RNA molecules can fold into three-dimensional structures that have chemical properties and can tell what type of cell they’re interacting with. “Those (chemical) properties, for example, might have the ability to snuggle up next to some other molecule and differentiate, ‘Oh, this is a flu virus,’ ‘Oh, this is a cancer cell,” or something else or other sorts of interactions, as it does with other molecules as the bump into each other,” Burke said.

Burke’s research is known as a targeted delivery system and is relatively new to the science world. Sometimes when the molecules bump into each other, Burke said, they stick. When the molecules stick together, they stay together. This means Burke and his team can take advantage of the stickiness to block certain cells from replicating and making a person sick with diseases such as cancer, HIV and Ebola.

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Tawiah, middle, talks with his colleagues, David Porciani and Leah Cardwell during Life Sciences Week while presenting the research from a paper they’re in the process of writing about targeted delivery systems. Photo by Elizabeth Cassidy

When Tawiah isn’t in the lab, he’s typically at Stankowski Field playing soccer or watching the game on TV at home. On Sundays, he prepares traditional Ghanaian dishes like Joloff, which, Tawiah said, is like jambalaya.

While food is one way Tawiah stays in touch with his roots, Tawiah also talks to people like Burke about his aspirations to go back to Ghana and help his country.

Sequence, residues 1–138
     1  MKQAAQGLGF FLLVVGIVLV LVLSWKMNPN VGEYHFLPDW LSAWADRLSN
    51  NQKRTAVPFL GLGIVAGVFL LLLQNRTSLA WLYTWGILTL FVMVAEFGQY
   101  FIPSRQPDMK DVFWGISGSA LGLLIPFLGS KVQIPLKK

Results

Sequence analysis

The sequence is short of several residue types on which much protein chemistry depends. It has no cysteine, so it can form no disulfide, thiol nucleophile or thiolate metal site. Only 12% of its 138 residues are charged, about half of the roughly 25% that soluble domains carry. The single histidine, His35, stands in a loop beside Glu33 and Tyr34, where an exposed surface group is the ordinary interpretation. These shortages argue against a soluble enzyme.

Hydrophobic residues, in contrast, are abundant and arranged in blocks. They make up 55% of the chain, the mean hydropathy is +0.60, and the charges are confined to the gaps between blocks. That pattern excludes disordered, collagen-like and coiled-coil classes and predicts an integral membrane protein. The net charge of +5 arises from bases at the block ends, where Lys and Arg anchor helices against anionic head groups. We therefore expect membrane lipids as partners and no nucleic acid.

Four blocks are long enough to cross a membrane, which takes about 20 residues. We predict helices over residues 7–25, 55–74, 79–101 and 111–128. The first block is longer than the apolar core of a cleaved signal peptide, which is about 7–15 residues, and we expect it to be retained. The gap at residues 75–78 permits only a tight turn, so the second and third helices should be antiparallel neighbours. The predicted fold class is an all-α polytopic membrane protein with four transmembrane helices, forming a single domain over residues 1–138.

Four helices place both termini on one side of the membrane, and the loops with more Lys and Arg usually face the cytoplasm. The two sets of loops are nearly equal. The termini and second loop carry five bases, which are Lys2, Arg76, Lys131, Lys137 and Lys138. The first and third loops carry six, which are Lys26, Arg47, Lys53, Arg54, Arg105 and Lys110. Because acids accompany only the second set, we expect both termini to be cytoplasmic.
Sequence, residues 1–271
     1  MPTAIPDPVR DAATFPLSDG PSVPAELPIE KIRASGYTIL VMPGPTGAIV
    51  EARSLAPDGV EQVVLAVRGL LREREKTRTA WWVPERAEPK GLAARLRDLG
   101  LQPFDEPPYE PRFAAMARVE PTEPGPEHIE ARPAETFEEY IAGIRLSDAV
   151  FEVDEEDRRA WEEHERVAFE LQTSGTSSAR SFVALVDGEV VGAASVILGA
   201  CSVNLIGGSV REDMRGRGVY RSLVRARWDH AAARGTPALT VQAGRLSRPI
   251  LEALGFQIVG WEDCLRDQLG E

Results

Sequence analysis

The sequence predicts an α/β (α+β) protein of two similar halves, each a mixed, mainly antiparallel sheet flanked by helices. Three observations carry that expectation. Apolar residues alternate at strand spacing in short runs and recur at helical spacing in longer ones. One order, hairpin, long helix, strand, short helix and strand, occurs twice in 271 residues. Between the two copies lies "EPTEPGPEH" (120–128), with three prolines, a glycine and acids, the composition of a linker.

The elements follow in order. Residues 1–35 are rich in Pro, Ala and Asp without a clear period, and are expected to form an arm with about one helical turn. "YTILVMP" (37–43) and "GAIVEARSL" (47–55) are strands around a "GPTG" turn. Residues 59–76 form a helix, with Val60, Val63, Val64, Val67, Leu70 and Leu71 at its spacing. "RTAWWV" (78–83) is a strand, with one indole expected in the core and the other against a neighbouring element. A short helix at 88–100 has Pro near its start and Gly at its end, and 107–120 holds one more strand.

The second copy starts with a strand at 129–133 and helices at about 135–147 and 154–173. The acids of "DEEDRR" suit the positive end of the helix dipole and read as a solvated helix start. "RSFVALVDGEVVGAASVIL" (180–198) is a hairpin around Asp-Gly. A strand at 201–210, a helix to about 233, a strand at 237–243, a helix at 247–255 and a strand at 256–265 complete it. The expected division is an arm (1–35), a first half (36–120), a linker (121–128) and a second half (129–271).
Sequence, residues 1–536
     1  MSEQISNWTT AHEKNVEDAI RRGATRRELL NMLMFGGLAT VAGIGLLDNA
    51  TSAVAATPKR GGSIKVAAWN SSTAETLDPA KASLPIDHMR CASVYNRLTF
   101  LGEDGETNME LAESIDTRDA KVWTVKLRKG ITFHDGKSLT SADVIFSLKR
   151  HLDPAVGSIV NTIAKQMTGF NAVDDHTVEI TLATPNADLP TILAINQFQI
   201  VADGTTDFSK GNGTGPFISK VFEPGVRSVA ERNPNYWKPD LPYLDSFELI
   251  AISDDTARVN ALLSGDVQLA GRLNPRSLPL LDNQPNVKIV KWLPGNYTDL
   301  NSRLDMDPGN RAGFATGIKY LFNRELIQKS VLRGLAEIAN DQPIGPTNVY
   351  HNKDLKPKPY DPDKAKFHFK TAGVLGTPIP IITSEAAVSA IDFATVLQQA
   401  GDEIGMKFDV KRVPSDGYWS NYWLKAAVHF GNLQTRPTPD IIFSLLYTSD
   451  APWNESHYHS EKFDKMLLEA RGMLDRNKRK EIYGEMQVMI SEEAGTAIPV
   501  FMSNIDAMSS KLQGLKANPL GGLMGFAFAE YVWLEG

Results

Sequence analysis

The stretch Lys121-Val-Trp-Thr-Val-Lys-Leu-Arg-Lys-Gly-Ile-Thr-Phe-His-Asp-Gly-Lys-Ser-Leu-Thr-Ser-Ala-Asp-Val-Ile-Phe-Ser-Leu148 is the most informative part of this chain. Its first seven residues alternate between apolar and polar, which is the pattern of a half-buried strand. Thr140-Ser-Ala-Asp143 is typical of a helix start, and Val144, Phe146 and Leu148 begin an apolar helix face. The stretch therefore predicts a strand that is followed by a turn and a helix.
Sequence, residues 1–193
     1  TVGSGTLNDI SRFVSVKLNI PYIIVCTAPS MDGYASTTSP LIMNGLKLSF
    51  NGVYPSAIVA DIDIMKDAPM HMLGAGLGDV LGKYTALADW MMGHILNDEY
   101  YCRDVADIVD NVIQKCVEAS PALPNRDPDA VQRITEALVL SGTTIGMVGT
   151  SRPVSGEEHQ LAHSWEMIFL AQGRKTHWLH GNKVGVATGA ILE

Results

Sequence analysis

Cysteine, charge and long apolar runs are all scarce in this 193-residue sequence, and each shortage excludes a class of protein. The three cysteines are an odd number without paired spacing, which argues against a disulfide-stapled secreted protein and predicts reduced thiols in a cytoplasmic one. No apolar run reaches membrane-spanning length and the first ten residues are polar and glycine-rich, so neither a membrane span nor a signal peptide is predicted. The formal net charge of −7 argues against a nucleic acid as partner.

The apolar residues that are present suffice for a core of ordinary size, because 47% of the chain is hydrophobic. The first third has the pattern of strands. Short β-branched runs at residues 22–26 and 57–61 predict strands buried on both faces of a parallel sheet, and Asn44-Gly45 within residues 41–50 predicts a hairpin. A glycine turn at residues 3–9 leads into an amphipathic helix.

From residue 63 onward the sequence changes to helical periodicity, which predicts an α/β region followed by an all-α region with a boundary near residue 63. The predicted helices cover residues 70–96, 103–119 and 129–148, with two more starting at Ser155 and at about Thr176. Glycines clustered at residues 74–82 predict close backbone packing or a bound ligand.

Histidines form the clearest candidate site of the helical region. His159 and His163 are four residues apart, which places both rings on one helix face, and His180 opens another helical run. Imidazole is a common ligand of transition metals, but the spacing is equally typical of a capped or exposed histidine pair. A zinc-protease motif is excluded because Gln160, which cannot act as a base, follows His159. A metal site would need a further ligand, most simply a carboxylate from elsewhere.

He said his home has a lot of the world diseases—especially the ones that make the news for outbreaks and epidemics like Malaria and Ebola—and there isn’t a permanent facility to diagnose these diseases.

“Where I come from in West Africa, we have most of the world diseases, but then all the research is done (in the U.S.), and I feel like having the research where the diseases are from will at least have some benefit because whoever is doing it will see the direct impact,” he said. “In the future, I see myself pushing some of those things back to Ghana.”

He’s motivated by the unanswered whys of the universe and works to find not only better treatments for diseases, but what is the root cause of them.

“I think the most intriguing part is getting to the molecular level,” Tawiah said. “We know diseases are dangerous, but it’s intriguing for me to know exactly how this is happening. I think that’s what keeps me going. It drives me to find answers.”